Now and Then, Real Rejection

The Seventh Son and The Scouring​ Scribes

Now the sons of Gad lived opposite them in the land of Bashan as far as Salecah.

Matthew 8:28-9:8

“And when He had come to the other side into the country of the Gadarenes, two men who were demon-possessed met Him as they were coming out of the tombs; they were so exceedingly violent that no one could pass by that road. And behold, they cried out, saying, ‘What do we have to do with You, Son of God? Have You come here to torment us before the time?’ Now there was at a distance from them a herd of many swine feeding. And the demons began to entreat Him, saying, ‘If You are going to cast us out, send us into the herd of swine.’ And He said to them, ‘Begone!’ And they came out, and went into the swine, and behold, the whole herd rushed down the steep bank into the sea and perished in the waters. And the herdsmen ran away, and went to the city, and reported everything, including the incident of the demoniacs. And behold, the whole city came out to meet Jesus; and when they saw Him, they entreated Him to depart from their region. And getting into a boat, He crossed over, and came to His own city. And behold, they were bringing to Him a paralytic, lying on a bed; and Jesus seeing their faith said to the paralytic, ‘Take courage, My son, your sins are forgiven.’ And behold, some of the scribes said to themselves, ‘This fellow blasphemes.’ And Jesus knowing their thoughts said, ‘Why are you thinking evil in your hearts? ‘For which is easier, to say, ‘Your sins are forgiven,’ or to say, ‘Rise, and walk’?  ‘But in order that you may know that the Son of Man has authority on earth to forgive sins’—then He said to the paralytic—’Rise, take up your bed, and go home.’ And he rose, and went home. But when the multitudes saw this, they were filled with awe, and glorified God, who had given such authority to men.”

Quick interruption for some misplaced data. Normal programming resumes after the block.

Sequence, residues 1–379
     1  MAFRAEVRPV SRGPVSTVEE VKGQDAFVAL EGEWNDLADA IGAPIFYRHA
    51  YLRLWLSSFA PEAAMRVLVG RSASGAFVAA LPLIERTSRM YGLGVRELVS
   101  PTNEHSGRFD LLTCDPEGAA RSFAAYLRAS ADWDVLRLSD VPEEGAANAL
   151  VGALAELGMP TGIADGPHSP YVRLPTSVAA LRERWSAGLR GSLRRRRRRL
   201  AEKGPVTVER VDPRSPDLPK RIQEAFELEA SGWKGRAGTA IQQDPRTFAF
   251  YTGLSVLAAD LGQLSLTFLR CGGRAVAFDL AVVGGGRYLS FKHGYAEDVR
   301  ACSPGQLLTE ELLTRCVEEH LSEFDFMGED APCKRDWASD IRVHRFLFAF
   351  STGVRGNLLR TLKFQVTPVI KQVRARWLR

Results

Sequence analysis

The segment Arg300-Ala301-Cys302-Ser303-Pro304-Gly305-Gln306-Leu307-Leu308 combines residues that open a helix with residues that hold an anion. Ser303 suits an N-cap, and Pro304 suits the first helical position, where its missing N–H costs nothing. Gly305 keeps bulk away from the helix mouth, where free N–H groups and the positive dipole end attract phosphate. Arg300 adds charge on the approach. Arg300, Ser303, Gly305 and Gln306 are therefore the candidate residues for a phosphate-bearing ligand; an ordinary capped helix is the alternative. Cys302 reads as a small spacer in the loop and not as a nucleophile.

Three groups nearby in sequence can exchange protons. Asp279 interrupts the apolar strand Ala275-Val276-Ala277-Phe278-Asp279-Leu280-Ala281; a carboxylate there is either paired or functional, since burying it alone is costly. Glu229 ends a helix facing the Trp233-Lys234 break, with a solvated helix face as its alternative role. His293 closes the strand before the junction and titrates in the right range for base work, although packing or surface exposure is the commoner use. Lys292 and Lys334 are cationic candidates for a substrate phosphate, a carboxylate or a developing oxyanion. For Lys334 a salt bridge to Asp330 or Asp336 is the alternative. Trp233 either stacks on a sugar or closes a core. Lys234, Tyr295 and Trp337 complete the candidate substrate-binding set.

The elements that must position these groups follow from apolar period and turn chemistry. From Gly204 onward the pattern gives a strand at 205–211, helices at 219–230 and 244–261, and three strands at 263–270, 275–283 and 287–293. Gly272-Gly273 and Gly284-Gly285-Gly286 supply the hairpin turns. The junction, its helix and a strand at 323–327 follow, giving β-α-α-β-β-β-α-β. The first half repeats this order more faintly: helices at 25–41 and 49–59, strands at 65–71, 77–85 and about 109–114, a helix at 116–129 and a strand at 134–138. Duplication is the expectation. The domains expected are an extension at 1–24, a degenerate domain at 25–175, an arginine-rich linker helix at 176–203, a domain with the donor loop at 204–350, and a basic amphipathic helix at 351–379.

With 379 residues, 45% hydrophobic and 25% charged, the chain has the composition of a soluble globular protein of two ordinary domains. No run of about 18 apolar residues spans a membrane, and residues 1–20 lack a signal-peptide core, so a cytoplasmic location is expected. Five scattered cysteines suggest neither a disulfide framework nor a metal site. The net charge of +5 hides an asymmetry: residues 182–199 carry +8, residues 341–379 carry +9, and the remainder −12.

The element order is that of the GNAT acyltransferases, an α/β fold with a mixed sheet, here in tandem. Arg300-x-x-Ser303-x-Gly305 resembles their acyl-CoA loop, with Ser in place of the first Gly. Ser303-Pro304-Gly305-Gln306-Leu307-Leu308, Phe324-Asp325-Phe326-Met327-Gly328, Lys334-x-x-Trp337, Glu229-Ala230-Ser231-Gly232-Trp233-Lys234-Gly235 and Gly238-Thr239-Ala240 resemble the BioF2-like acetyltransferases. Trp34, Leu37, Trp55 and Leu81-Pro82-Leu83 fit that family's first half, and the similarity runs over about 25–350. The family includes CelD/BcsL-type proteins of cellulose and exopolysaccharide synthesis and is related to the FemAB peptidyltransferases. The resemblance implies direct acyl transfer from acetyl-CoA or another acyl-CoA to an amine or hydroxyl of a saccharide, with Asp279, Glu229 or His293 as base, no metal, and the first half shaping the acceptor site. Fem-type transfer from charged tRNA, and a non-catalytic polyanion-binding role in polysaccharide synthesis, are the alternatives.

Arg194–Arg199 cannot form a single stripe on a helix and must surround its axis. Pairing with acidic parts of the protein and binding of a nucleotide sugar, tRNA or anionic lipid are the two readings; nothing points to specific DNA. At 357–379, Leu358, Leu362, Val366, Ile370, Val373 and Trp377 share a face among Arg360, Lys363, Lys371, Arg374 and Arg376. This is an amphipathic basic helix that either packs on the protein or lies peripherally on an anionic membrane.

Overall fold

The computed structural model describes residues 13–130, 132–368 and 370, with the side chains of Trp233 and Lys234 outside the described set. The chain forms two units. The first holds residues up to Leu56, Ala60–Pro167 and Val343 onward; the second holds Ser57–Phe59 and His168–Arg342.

More contextual proof that Jesus spoke to the scribe and disciple before he set sail for the land across the sea. Actually, it’s a large lake. And I am not sure they sailed, they may have rowed, considering the storm and then the zero wind. Nevertheless, these types of things are irrelevant compared to the substance of Christ. Hopefully this paragraph demonstrates this. It’s not a natural flow to what we have read in the context of Matthew–it is an aside, much like a parenthetical phrase, that if removed from the missive, it wouldn’t be missed and actually interrupts the flow of what Jesus is doing. I write it with a purpose, to show that many times we become mired in the miniscule and meaningless, neglecting the weightier things in the context, missing the author’s aspiration to his audience.

Such as; “And when He had come to the other side into the country of the Gadarenes, two men who were demon-possessed met Him as they were coming out of the tombs; they were so exceedingly violent that no one could pass by that road.” The other side indicates the eastern side of Galilee and the Jordan River. The immediate context confirms by stating, the land of the Gadarenes. The original audience was expected to know their history but we must take our Vitamin E, expository exegesis of examples and search the Scripture for the land of the Gadarenes.

“Now the sons of Reuben and the sons of Gad had an exceedingly large number of livestock. So when they saw the land of Jazer and the land of Gilead, [east of the Jordan] that it was indeed a place suitable for livestock, [they had yet to see the promised land] the sons of Gad and the sons of Reuben came and spoke to Moses and to Eleazar the priest and to the leaders of the congregation, saying, ‘Ataroth, Dibon, Jazer, Nimrah, Heshbon, Elealeh, Sebam, Nebo and Beon, the land which the LORD conquered before the congregation of Israel, is a land for livestock; and your servants have livestock.’ And they said, ‘If we have found favor in your sight, let this land be given to your servants as a possession; do not take us across the Jordan.’”

This made Moses angry and he responded, “Shall your brothers go to war while you yourselves sit here? Now why are you discouraging the sons of Israel from crossing over into the land which the LORD has given them? This is what your fathers did when I sent them from Kadesh-barnea to see the land. For when they went up to the valley of Eshcol and saw the land, they discouraged the sons of Israel so that they did not go into the land which the LORD had given them.”